[3]See 15 U.S.C. § 648(a)(7)(A).


Actions Needed

To limit the extent to which SBA programs overlap with those of other agencies, in January 2013, GAO recommended that the Administrator of SBA take the following two actions to improve collaboration:

  • consult with Commerce and the Export-Import Bank and more clearly define roles and responsibilities of export promotion entities’ export counseling and financing staff at the agency-wide and local levels, which could assist small businesses and federal partner entities’ staff in understanding the various export assistance provided by different federal entities and maximize the use of government resources; and
  • consult with Commerce and the Export-Import Bank and identify ways to increase, where possible, sharing of client information deemed useful for SBA, Commerce, and the Export-Import Bank.

Implementation of these recommendations could help to improve the efficiency of federal export promotion services for small businesses. GAO was unable to quantify any potential financial benefits resulting from these actions because they would likely result in a more efficient use of existing resources and improved client services, rather than distinct cost savings.

How GAO Conducted Its Work

The information contained in this analysis is based on findings from the product in the related GAO product section. GAO analyzed government-wide initiatives, strategies, and laws, as well as agencies’ documents. GAO interviewed officials from key export promotion entities in headquarters and six field locations—Chicago, Dallas, Irvine (California), Miami, New York, and Portland (Oregon). GAO selected these locations based on the number of key entities in the location, the types of services provided, and Commerce’s assessment of the locations’ export potential. Commerce, SBA, and SBDC officials that provide export assistance were present in all locations, while Export-Import Bank officials were present in five of the six locations. At some locations, GAO also met with private sector representatives that used federal export assistance. GAO’s interviews at these six locations are not generalizable to all U.S. locations but provided GAO with insights about how agencies collaborate with one another at the local level and challenges local officials face in doing so. GAO assessed interagency coordination primarily against selected elements of GAO’s practices for enhancing and sustaining collaboration. Table 9 in appendix IV lists the programs GAO identified that might have similar or overlapping objectives, provide similar services, or be fragmented across government missions. Overlap and fragmentation might not necessarily lead to actual duplication, and some degree of overlap and duplication may be justified.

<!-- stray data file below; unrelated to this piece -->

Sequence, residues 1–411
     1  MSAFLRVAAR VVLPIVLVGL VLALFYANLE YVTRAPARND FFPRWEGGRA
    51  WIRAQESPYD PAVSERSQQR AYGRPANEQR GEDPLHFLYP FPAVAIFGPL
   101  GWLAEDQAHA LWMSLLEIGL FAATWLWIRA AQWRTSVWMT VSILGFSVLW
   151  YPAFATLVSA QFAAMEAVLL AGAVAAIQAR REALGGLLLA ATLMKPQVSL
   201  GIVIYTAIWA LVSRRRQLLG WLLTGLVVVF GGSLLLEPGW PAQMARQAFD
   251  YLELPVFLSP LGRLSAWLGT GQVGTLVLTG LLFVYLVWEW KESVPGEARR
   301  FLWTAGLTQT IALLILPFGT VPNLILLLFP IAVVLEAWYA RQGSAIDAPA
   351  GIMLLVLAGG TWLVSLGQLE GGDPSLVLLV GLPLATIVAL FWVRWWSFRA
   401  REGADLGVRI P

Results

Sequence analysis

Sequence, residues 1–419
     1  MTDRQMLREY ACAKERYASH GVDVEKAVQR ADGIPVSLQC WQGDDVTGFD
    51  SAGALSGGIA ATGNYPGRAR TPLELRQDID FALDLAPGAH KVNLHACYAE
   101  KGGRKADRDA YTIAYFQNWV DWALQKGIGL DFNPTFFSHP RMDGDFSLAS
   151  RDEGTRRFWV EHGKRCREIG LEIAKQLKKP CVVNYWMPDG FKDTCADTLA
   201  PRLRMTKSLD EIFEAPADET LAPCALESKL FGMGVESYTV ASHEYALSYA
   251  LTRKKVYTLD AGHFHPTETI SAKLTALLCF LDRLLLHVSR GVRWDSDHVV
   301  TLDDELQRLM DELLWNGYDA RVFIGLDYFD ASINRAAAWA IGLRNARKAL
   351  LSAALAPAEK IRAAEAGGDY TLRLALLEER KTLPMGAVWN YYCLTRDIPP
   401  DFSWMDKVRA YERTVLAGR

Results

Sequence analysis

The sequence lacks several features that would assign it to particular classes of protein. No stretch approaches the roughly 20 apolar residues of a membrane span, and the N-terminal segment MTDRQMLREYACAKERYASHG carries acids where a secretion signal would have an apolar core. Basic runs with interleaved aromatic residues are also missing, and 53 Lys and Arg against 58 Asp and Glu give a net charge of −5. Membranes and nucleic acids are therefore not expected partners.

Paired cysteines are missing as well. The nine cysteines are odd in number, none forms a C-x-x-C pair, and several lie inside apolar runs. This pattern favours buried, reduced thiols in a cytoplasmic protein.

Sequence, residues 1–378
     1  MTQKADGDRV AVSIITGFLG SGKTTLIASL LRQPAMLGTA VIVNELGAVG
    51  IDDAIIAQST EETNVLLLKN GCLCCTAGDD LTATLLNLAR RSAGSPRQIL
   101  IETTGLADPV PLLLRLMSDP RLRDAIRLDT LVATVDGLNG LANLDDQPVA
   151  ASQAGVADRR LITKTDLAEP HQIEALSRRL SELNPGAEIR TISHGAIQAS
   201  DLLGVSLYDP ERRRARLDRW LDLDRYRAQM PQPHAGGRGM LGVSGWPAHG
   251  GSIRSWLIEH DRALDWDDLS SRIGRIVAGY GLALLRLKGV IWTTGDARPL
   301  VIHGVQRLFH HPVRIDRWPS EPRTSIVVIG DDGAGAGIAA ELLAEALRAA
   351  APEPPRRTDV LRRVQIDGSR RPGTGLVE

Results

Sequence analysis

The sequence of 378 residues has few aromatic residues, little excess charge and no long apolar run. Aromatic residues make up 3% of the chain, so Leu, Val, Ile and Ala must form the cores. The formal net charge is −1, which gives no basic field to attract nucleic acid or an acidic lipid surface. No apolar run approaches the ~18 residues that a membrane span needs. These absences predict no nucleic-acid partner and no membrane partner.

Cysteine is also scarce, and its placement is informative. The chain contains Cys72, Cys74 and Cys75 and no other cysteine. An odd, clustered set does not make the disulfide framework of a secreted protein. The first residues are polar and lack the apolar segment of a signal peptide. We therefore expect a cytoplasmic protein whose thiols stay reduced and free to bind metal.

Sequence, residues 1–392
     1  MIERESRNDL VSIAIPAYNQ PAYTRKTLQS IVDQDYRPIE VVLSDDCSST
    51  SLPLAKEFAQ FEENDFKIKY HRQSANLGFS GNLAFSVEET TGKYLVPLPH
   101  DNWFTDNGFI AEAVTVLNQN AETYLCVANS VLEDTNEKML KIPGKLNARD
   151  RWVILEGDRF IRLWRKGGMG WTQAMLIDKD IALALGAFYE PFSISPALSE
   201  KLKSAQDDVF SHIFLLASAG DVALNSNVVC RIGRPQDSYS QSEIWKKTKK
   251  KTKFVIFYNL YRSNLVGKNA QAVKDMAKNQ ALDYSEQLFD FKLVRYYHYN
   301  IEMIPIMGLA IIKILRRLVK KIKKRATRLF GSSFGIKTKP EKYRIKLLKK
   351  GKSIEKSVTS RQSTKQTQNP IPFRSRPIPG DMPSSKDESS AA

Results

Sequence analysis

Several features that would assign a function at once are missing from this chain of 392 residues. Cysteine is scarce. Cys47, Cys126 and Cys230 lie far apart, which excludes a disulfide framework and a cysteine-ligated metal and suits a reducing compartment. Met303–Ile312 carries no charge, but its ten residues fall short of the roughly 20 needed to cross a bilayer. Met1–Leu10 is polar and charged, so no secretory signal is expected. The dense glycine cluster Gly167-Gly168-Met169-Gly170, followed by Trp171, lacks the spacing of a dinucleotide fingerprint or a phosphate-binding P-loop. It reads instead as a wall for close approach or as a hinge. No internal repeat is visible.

Agency Comments & GAO Contact

In commenting on the January 2013 report on which this analysis is based, SBA agreed with the above recommendations and noted it is taking steps to address them. SBA and Commerce provided copies of a December 2012 Interagency Communiqué that was intended to clarify counseling roles and responsibilities and provides guidance on referring U.S. businesses seeking export assistance to federal, state, and nonfederal resources according to each firm’s export readiness and business needs. The communiqué does not provide referral protocols for clients seeking trade finance assistance, which the communiqué said would be issued by the end of January 2013. It also notes that agencies intend to develop local Export Outreach Teams to increase awareness of local international trade expertise and enhance communication and collaboration at the local level. Among other things, the Export Outreach Teams would develop referral protocols and initiate ongoing discussions of shared clients. Thus, the communiqué’s plans, when fully implemented, would begin to address the recommendations above. GAO will continue to monitor the agencies’ implementation of these plans.

GAO provided a draft of this report section to SBA, Commerce, and the Export-Import Bank. SBA officials stated that SBA and the Export-Import Bank are taking steps to respond to GAO’s recommendations, including developing a new program that bundles non-overlapping financial products from both agencies that address specific lender and exporter needs and exploring the possibility of providing joint training for both agencies’ export finance specialists so they are well versed in both agencies’ programs. SBA officials also stated that SBA and Commerce have begun organizing Export Outreach Teams throughout the SBA network to enhance communication and collaboration between SBA’s partners and international trade networks. Commerce officials added that the Trade Promotion Coordinating Committee has developed a webinar on client referrals, which they planned to roll out to field locations starting in March 2013. They noted that this action, in combination with actions taken under the December 2012 Interagency Communiqué, went a long way toward addressing our recommendations.

For additional information about this area, contact Loren Yager at (202) 512-4347 or